I am a recovering middle school principal. This is the line I use as part of my self introduction in a room of educators/adults. Anyone who is connected to middle schools and middle schoolers understands the joke. However, recently, my first September in a school environment since 2016, my role is very different than that of the lead educator of a middle school. Aside from being a husband and father, it is the best role ever! Middle schoolers and their teachers are playful and inquisitive. They are ever growing – stretching, testing, laughing, crying, growing. I loved my 20+ years as a middle school teacher, assistant principal, and principal, and I will forever be the eighth grade boy my wife calls me.
As my professional goals and path have evolved, I have been blessed, so far, to begin a new journey as the Director of Diversity, Equity, and Inclusion at The Shipley School, a predominantly white independent school in Bryn Mawr, PA, with about 35% students of color. The School, as many others, has gone through considerable growing pains with regards to the racial and social justice awakening of the past year-and-a-half. Additionally, the school has seen considerable growth in the LGBTQIA+ community within the School and amongst its alumni.
I am now the third person to fill this role and, coincidentally, all of my predecessors were Black men as well. With my office located in the Lower School, I am excited about opportunities to engage with our youngest learners on a regular basis. One never knows what their unfiltered comments and questions will be. I experienced this in my first visit to Ms. Claire Grillo’s Kindergarten class. After the teacher introduced me, I kneeled at one of the tables to talk to a group of five-year-old students.
That’s when it happened: One student looked at me with very sincere eyes and asked, “What do you do?” I paused. My surprise at the sincerity of the question may have been hidden by my mask. I looked at her and said, “(as the Director of DEI)… my job is to ensure that everyone, students and adults, feel like they belong here.” Though belonging is not a part of my official title, it is one of the more deeply implied expectations for this role.
My answer seemed to satisfy her, because she went on to tell me about being in the same classroom for Pre-K. As I reflected on her question, I became more unsatisfied with the answer I gave this little one. Later, I discussed this with my colleagues and we shared thoughts about making the work of the DEI department easily explainable, but purposeful. We need to be able to discuss the reasons for having such a department with our kindergarten students, as well as with our seniors in the Upper School and beyond.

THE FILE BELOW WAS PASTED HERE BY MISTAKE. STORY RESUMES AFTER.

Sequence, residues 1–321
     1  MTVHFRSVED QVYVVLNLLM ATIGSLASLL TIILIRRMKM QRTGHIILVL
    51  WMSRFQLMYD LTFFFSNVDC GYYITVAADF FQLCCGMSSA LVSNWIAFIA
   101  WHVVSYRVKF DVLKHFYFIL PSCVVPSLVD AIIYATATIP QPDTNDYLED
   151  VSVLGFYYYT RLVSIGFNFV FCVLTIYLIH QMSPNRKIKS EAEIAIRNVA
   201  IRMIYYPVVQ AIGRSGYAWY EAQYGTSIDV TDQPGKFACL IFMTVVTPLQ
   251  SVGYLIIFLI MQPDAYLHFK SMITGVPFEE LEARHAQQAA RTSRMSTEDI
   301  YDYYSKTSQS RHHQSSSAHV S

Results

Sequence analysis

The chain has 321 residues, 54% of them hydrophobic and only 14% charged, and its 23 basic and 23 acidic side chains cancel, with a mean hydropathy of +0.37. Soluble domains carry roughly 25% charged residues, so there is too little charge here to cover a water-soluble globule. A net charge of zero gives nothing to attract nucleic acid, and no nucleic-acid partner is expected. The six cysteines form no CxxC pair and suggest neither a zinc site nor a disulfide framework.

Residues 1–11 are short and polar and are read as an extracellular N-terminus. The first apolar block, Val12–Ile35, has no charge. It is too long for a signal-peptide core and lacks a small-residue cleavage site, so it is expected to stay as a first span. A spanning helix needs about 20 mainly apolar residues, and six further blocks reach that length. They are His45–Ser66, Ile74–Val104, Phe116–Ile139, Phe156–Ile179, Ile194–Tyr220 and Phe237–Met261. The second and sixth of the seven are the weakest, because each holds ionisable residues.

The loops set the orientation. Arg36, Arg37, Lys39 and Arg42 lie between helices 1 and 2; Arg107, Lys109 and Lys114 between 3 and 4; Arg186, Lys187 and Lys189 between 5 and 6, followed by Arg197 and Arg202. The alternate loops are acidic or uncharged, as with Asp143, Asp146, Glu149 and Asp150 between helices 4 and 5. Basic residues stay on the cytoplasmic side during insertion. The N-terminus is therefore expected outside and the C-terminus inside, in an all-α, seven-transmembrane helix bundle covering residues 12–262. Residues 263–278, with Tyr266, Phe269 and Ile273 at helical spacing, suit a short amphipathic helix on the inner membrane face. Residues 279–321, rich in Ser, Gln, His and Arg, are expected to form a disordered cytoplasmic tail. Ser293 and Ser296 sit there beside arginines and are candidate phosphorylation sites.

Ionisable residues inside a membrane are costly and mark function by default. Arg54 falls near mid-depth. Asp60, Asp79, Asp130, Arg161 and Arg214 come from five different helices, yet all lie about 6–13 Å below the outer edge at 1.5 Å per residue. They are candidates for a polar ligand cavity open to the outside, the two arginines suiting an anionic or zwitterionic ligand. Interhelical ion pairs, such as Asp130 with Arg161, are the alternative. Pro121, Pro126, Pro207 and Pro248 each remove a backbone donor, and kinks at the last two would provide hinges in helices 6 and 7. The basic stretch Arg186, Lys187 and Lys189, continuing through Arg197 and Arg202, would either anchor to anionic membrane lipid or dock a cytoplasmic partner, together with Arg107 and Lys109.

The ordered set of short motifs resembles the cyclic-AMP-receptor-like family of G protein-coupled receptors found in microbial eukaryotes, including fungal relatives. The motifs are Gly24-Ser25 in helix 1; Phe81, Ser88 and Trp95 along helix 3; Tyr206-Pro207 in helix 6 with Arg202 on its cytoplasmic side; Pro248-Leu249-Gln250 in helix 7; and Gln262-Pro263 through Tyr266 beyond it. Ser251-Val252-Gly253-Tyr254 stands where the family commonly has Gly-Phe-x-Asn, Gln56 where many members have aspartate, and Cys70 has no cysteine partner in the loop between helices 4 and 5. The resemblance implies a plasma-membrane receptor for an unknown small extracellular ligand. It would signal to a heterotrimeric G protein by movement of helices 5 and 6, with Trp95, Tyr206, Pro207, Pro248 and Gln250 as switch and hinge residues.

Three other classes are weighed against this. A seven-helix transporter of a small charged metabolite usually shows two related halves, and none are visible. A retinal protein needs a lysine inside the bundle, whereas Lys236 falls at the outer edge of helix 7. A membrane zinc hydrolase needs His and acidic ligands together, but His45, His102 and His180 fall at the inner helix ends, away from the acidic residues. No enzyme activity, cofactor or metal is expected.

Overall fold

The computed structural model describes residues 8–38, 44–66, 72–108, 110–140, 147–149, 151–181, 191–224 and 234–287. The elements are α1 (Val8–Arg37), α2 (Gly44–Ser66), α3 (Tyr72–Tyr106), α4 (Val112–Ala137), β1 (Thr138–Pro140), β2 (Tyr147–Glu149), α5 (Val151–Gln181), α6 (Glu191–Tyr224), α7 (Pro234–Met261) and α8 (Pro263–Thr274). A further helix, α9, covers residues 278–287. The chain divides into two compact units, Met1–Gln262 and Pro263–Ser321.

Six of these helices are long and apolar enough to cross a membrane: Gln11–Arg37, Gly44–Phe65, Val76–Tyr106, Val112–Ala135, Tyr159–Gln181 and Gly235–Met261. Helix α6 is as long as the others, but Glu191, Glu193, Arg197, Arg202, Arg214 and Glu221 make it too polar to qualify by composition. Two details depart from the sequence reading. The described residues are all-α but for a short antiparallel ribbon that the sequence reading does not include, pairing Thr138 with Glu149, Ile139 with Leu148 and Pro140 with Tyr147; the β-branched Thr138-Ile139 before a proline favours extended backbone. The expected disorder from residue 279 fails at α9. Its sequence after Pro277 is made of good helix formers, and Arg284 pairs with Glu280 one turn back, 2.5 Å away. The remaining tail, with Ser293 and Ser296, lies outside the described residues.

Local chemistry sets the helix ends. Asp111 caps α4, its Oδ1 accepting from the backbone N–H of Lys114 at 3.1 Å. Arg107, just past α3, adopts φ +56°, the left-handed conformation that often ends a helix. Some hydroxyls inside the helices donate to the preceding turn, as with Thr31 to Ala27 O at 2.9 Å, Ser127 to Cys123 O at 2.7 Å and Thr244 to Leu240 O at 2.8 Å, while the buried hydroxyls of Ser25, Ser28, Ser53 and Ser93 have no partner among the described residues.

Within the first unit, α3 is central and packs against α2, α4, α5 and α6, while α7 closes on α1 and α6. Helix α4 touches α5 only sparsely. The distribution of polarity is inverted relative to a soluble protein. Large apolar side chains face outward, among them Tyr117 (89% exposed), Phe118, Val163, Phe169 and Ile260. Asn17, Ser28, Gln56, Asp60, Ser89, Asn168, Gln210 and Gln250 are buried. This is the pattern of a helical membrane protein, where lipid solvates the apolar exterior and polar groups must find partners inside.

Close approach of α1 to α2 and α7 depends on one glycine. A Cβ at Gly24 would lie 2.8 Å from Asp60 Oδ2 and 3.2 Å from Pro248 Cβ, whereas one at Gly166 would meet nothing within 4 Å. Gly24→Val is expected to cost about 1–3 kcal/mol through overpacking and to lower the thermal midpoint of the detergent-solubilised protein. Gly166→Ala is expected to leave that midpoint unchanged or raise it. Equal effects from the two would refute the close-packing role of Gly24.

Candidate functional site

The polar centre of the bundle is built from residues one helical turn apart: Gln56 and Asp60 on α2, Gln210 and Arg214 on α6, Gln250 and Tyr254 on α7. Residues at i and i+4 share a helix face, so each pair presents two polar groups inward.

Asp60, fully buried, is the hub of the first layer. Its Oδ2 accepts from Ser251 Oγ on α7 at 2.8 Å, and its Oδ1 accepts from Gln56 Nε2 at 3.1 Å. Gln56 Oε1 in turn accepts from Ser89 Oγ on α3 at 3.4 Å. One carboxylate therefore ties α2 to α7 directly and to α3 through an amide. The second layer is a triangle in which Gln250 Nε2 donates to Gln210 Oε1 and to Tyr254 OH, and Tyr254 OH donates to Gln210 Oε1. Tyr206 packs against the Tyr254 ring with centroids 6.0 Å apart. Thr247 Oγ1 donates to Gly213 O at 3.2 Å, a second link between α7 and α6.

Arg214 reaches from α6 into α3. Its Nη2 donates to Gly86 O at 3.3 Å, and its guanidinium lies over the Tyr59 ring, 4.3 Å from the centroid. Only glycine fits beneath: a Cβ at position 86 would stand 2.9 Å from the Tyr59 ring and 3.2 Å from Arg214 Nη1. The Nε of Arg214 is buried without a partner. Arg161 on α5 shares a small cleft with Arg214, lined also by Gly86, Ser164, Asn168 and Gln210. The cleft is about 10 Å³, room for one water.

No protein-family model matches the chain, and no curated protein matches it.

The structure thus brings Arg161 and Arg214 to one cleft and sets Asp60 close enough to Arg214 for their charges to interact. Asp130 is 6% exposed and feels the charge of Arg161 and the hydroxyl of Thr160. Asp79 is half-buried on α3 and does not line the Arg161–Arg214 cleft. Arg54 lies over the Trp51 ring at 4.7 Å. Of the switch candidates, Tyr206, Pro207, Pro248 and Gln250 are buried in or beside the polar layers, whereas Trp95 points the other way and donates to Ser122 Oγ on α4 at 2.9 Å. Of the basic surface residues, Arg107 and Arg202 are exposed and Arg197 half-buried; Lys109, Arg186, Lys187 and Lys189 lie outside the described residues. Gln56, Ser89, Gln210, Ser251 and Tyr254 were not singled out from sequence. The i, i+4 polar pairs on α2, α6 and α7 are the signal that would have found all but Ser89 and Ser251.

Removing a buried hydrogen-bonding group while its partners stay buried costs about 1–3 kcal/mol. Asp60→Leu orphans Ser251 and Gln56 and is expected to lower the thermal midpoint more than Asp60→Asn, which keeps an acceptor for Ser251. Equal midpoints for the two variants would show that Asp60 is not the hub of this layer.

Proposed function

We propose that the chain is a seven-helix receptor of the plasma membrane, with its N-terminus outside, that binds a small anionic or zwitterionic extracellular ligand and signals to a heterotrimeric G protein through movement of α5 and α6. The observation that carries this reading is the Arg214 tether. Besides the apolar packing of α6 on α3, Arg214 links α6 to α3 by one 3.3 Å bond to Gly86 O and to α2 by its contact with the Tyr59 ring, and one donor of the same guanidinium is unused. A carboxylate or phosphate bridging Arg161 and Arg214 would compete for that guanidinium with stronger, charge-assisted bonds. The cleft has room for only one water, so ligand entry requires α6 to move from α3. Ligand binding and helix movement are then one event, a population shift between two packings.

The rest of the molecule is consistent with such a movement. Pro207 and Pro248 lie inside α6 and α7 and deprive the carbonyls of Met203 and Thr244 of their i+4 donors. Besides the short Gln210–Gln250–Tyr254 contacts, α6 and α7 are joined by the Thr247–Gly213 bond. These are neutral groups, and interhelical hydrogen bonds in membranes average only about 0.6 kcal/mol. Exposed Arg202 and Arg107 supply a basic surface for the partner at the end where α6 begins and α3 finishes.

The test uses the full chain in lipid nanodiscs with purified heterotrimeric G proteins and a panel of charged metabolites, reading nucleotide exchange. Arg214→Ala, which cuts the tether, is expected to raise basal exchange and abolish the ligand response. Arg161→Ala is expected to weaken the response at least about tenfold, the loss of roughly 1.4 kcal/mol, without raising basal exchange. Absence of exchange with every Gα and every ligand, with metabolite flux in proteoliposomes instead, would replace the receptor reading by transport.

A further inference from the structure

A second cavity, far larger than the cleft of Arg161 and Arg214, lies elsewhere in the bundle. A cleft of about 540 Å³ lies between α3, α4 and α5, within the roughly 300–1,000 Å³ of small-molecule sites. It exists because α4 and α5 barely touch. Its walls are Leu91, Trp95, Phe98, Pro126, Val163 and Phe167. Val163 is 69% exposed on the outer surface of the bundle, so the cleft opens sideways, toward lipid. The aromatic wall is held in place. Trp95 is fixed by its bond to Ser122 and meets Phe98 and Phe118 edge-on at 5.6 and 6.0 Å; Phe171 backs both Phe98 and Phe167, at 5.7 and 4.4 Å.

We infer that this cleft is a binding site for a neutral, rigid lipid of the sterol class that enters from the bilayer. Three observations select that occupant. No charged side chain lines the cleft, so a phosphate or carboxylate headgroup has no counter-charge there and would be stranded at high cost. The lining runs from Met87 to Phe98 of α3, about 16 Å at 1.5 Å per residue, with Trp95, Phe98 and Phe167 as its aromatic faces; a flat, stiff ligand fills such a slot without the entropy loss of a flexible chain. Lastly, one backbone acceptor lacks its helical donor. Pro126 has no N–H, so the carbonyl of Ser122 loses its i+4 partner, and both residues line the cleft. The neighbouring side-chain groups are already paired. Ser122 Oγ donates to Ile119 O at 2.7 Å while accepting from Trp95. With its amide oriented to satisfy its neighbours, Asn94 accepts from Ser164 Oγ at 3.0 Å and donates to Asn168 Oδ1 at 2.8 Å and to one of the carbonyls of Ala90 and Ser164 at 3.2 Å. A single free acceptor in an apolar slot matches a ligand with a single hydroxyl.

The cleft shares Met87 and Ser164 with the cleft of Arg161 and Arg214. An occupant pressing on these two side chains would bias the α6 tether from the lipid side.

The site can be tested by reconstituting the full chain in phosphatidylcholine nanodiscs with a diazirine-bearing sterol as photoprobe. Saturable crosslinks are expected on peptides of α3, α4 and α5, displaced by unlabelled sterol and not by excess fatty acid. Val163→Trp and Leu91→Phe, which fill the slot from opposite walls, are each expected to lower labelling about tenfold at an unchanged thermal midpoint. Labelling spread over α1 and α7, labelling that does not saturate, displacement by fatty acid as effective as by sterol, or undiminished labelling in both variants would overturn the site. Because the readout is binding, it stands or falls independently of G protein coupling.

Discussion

It comes down to the essence of why diversity, equity, and inclusion are vital to our School’s mission. All too often we see schools and districts hiring Directors of DEI and setting a level of expectations that these people will single-handedly bring about transformative change. While some superheroes may be able to swoop in to save the day, it takes a multifaceted team of educators with a wide array of diverse backgrounds and lived experiences to facilitate that change. It requires the open minds and hearts of all members of the community to embrace the difficult conversations and the growing pains of change. I was once told that the only humans that want change are wet babies, but because we are charged with preparing our students—other people’s children—for a world of work and global interaction that will only become more multicultural and multiethnic as time passes. We must face that change head on.
Being a part of this community, which is willing to go beyond the lip service often given this work, is truly a blessing. The excellent launchpad of the DEI Strategic Plan states to the families and prospective families of our community that the practices, policies, and curricula of the past, a past that often excluded many of the identities that our students and colleagues bring to school each day, is no longer who we are or what we believe. Our understanding of the world has evolved, as well as our understanding of what our young ones need to have the Courage for the Deed; and Grace for the Doing.
We cannot undo the past, but we can decide how to move forward – together. So, my young five-year-old friend, what do I do? I work with all members of our community to ensure that they belong. Such that they have no fear of bringing their authentic selves to work and school each day and this translates into the people being their best social, academic, and pedagogical selves…everyday, for every child.